Dr. Warnick presented a demo of WorldWideScience.org
Next Steps for WorldWideScience.org
You've seen a basic demonstration, now up and running, of the power of federated searching across national boundaries. Of course, we won't stop here. Assuming nations want to move this prototype into a sustained, permanent global portal, we need to establish a governance structure. This structure will fulfill the need to make decisions about the system's content, features, availability, and funding.
We could certainly expect that a governing body will want to increase the number of national sources searched. We also anticipate adding non-English sources with a translations capability. And, finally, there are many sources that require some form of user authentication, and we would envision tools that will facilitate authentication to allow for searching of these sources through this portal.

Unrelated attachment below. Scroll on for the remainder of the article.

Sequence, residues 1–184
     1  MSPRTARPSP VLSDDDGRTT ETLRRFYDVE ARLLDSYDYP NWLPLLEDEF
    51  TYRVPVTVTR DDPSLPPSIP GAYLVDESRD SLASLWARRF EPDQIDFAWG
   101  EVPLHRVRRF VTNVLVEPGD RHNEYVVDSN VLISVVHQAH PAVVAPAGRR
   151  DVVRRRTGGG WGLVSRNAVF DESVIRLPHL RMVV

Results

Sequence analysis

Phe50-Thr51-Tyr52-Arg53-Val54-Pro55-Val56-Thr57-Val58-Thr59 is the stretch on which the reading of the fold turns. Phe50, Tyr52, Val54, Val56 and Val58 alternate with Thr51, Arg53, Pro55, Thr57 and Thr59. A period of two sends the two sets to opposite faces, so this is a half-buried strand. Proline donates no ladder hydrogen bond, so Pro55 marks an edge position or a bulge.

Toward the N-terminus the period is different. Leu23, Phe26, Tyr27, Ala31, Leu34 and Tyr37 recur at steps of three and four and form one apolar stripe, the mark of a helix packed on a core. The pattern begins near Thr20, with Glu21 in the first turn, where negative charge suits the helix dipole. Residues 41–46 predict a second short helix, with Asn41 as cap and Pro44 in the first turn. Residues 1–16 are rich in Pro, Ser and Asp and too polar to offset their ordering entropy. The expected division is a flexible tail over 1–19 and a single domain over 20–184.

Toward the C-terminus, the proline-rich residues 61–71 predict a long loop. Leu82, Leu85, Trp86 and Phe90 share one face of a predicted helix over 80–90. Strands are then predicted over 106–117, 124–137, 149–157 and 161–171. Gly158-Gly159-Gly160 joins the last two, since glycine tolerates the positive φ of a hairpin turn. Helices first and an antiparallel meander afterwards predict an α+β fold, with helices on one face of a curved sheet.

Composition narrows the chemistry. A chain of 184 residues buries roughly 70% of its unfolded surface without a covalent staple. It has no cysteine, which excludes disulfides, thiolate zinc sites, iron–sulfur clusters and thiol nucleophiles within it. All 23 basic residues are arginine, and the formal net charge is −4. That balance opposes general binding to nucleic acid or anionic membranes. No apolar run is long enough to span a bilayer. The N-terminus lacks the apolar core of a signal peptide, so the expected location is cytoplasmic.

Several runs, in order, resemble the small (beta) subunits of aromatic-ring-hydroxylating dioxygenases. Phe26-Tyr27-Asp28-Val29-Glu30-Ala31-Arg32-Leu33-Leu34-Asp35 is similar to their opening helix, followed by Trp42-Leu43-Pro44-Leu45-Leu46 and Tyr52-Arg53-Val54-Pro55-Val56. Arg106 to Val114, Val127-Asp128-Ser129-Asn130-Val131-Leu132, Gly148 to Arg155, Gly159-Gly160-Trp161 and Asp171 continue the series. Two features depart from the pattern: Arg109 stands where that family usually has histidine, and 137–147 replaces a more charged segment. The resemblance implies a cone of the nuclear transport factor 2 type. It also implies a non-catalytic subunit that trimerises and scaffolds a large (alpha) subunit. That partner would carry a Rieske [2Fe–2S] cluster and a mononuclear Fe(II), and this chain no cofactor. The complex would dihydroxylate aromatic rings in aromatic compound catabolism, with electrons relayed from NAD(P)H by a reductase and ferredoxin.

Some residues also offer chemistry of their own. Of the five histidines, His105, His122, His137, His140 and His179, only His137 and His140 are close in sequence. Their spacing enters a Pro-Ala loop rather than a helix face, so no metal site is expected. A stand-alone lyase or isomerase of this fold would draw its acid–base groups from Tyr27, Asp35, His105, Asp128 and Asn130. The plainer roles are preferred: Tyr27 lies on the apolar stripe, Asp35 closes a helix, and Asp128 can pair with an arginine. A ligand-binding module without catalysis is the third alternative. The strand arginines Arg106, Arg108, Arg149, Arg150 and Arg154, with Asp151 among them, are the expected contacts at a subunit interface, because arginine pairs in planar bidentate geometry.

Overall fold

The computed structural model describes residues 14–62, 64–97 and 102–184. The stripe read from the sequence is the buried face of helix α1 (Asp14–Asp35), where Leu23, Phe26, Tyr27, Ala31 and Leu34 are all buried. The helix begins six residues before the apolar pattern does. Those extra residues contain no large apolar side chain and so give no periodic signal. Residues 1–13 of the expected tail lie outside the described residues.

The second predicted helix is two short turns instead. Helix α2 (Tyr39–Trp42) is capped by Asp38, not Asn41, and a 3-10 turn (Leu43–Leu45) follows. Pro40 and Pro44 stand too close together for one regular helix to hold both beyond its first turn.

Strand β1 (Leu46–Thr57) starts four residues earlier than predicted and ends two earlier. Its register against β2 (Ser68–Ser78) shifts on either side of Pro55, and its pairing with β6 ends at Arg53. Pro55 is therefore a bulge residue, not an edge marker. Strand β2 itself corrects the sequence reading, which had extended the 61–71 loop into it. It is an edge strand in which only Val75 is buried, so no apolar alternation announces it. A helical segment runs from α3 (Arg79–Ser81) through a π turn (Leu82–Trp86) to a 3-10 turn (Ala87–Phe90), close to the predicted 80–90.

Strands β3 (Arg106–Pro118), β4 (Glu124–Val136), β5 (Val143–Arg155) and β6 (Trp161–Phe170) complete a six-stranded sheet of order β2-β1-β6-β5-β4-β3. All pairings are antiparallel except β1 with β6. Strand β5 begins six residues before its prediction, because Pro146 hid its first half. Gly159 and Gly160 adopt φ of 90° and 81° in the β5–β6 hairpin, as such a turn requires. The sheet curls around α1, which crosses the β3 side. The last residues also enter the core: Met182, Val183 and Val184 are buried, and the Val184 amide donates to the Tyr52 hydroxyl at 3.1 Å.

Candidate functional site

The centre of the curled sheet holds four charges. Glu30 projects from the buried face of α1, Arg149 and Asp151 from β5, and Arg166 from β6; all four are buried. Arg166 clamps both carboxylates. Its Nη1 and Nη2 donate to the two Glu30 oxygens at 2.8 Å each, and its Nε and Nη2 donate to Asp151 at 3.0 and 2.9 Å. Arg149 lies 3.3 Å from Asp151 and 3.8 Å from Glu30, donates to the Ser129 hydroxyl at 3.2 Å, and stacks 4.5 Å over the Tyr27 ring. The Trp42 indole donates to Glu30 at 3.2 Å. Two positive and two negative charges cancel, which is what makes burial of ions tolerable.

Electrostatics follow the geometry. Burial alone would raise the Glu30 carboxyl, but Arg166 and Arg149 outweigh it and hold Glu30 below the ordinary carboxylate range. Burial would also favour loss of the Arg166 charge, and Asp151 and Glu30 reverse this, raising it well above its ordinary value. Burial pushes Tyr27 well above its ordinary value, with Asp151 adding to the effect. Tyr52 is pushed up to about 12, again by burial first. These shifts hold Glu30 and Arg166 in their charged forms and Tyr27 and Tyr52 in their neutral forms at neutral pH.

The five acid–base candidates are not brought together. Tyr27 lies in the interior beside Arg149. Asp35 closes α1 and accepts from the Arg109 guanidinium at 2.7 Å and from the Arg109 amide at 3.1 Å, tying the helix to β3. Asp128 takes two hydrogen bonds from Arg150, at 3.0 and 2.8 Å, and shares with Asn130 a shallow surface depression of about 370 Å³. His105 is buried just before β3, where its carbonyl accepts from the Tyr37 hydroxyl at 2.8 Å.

We are pleased to announce that WorldWideScience.org is now publicly open! We thank those countries who have already joined in as pioneers in this endeavor, and we welcome additional partners. Please visit WorldWideScience.org.
Two kinds of participation are needed:
1. More databases
2. Help with governance